Cleaning out the old adhesive may be time consuming. (If you have a time problem?) If reheating it causes it to dissolve was that a cause for the original failure?

If the substrate is particle board the enemy is moisture.

Don’t know what should be used to remove the adhesive but acetone is toxic. Wear a respirator.

If all else fails and money is a problem get creative.

-- Cau Haus Designs, Thomas J. Tieffenbacher

View Bluepine38's profile

Bluepine38

2876 posts in 1691 days


#5 posted 171 days ago

Used Gorilla glue to reattach some laminate about 7 years ago, it is still holding.

-- As ever, Gus-the 75 yr young apprentice carpenter

View GOOD LUCK TO ALL's profile

GOOD LUCK TO ALL

418 posts in 333 days


#6 posted 171 days ago

Depending on how gunky the glue is now, from glueing twice, depends on whether or not I would try to clean some of it off.
Being thicker from a couple of applications may not let it lay down flush with the mating surface (if there is one)

I think you would be fine using some Tightbond III and camping as best you can. at least the Tightbond III would be a little more water resistant for future. The glue should hold it down just fine.

BTW, was it waterbase contact cement or solvent based? (just curious, shouldn’t make a difference for glueing)

View SPalm's profile

SPalm

4761 posts in 2488 days


#7 posted 171 days ago

Good old Titebond attaches to laminate.
You could squirt a bunch between the counter and laminate and then put a lot of weight on it until it dries. TBIII is waterproof.

Steve

-- -- I'm no rocket surgeon

View lightweightladylefty's profile

lightweightladylefty

2604 posts in 2318 days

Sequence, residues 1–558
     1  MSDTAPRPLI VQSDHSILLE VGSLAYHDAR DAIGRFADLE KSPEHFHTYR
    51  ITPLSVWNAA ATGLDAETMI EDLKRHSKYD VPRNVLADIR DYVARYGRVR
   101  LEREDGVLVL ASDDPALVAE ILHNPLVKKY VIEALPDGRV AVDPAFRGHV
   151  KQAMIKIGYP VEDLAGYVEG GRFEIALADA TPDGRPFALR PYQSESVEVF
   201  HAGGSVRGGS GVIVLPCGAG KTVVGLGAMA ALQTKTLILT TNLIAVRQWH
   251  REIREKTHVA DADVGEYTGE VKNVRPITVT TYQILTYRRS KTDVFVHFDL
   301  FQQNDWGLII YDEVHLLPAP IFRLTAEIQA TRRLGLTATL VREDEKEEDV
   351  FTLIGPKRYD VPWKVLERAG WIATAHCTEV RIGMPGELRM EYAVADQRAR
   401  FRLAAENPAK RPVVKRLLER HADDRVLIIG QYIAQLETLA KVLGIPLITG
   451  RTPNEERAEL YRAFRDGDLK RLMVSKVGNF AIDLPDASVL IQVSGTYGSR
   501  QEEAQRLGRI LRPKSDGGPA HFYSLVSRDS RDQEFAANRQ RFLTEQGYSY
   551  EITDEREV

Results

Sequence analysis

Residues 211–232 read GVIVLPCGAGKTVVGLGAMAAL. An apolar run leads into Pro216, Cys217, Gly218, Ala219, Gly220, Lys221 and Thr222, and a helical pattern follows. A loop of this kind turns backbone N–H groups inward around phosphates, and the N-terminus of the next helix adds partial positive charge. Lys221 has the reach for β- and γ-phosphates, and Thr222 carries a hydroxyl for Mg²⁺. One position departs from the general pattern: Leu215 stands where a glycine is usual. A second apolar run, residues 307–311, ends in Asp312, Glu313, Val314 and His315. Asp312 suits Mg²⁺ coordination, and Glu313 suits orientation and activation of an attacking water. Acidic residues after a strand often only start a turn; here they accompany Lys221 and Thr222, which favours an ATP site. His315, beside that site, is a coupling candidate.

#8 posted 171 days ago

Thanks everyone for your advice.

We’re thinking that we might first try the heat option, probably the iron trick. We had thought of that but weren’t certain it was an option. Hearing that others have used the option and it worked, gives us an incentive to give it a try. The countertop is about 15’ long and mitered to 5-6’ long pieces on either end. There is a sink in the middle of the 15’ and a second sink in the right piece. I’m pretty certain that the miters were glued before they were bolted, so even if we wanted to disconnect all that plumbing, slicing through the miter wouldn’t be easy. We could probably live with the slightly lifted laminate for a long time before it became a problem rather than go through that kind of work! The countertop is about 8 years old which, to us, is pretty new.

If the heat treatment doesn’t hold up, we’ll probably try TB next. I didn’t realize it would adhere to the laminate backing. I’ve got a gallon of TBI. Aside from not being waterproof, will it adhere to laminate? I’m a little hesitant about Gorilla glue because I’ve made quite a mess with it in the past, not knowing how much to use and having it bubble out all over the place!

Kevin, the contact cement was water-based that I used. I didn’t make the section of countertop that is failing (my countertop is still fine) so I don’t know what was used. If solvent-based was originally used, could that be why the water-based didn’t hold up?

It certainly is wonderful to be able to ask questions and get such prompt answers and so many good ideas.

L/W

-- Jesus is the ONLY reason for ANY season.

View GOOD LUCK TO ALL's profile

GOOD LUCK TO ALL

418 posts in 333 days


#9 posted 171 days ago

The regular titebond glue should work.
You could try the heat though, what’s the worst that could happen, it come back up?

I’m not sure about the effects of water-base on solvent base, could maybe be why? The water-base wouldn’t burn into the solvent based like solvent base would have, but I couldn’t say for sure.

Whatever happens I have confidence that you will get it fixed…:)